Friday, 22 June 2018
Another Great Welsh Victory - 22nd June 1402 - The Battle of Bryn Glas also known as Battle of Pilleth -
There were few contemporary sources for details of the battle, and some, such as that of Adam of Usk, contained inaccuracies.
Most details must therefore be assumptions, although the ground remains largely unchanged and provides a reasonable basis for them.
Mortimer's army was seeking to bring Glyndwr's smaller army to battle. Although the location was only just inside Wales, Glyndwr undoubtedly had many local informants and sympathisers, and could plan a decisive battle.
Probably, he had also been able to summon reinforcements from other parts of Wales, which moved rapidly over hill tracks, and was therefore far stronger than Mortimer realised.
Though always a risky tactic, Glyndwr divided his army. Part of the army, including many archers armed with the powerful longbow, was placed on the slopes of the hill.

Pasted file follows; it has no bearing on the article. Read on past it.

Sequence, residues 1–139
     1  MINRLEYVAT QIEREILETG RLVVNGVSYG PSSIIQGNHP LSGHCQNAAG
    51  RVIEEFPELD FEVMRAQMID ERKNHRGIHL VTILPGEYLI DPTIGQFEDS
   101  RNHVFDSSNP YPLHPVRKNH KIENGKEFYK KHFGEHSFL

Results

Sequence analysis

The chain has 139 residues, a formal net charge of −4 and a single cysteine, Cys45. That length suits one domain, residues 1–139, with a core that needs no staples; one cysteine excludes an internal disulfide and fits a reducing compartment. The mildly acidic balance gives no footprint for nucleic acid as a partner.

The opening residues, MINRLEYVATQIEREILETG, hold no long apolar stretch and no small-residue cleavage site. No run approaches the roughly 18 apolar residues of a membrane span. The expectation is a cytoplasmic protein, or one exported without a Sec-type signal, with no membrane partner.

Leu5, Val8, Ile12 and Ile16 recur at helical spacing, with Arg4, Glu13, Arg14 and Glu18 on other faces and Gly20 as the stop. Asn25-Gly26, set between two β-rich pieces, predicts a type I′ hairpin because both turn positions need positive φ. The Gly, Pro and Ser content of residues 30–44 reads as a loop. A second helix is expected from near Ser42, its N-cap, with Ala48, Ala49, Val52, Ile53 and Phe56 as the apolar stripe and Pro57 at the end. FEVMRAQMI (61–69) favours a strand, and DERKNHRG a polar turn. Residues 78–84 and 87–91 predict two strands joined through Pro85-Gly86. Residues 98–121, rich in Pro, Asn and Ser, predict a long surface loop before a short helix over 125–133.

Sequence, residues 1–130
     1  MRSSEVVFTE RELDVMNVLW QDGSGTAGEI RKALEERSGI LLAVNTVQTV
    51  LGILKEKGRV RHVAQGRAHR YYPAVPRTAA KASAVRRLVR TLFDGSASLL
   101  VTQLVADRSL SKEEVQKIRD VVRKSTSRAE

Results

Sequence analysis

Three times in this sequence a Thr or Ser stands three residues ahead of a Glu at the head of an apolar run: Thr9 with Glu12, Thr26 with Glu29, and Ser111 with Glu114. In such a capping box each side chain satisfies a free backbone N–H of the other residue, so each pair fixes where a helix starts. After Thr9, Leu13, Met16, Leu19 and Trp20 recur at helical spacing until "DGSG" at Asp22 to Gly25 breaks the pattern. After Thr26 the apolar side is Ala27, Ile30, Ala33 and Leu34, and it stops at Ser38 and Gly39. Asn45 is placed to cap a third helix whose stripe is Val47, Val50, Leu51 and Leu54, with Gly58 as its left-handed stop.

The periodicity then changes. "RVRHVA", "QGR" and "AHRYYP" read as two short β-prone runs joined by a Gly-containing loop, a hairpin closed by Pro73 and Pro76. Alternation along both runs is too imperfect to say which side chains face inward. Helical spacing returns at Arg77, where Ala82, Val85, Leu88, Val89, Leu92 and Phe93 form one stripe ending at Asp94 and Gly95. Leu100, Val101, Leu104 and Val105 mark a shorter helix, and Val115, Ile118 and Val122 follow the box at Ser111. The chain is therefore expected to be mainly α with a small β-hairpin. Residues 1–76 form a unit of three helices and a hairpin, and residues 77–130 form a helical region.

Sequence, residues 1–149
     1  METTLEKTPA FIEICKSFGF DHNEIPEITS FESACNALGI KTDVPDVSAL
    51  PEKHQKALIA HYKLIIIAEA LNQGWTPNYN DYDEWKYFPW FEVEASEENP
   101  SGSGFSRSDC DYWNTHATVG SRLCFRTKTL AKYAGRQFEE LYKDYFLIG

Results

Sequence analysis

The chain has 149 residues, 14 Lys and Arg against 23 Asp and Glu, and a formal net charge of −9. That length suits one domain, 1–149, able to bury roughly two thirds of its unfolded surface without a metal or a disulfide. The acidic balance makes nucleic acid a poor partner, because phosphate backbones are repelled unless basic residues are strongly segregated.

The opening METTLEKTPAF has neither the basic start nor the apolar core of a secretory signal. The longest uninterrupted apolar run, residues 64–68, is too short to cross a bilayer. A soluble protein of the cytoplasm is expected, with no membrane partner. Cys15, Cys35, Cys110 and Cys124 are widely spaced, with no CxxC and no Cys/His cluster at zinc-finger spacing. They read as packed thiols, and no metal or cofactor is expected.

The remainder were concealed in a valley to the left of the hill, camouflaged by thick foliage.
Mortimer's army formed up and advanced up the slope, against the Welsh archers clearly in view. With the advantage of height, Glyndwr's archers outranged Mortimer's (themselves armed with longbows).
As Mortimer's men at arms tried to close with Glyndwr's archers, the Welsh troops who had been concealed in the valley emerged to attack Mortimer's right flank and rear.
At some stage, contingents of Welsh archers in Mortimer's army defected, and loosed arrows against their former comrades.
It is not known whether their defection was planned in advance, or whether they chose to back Glyndwr in the middle of the battle as the likely winner.
Their action contributed to the confusion of Mortimer's army which, attacked from the steep slopes above, and from their flank and rear, was destroyed.
Among those killed were Sir Walter Devereaux of Weobley, and Sir Robert Whitney, who was Henry IV's Knight-Marshal
SEE ALSO THE GREAT WELSH VICTORY AT HYDDGEN
Posted by nickglais at 11:00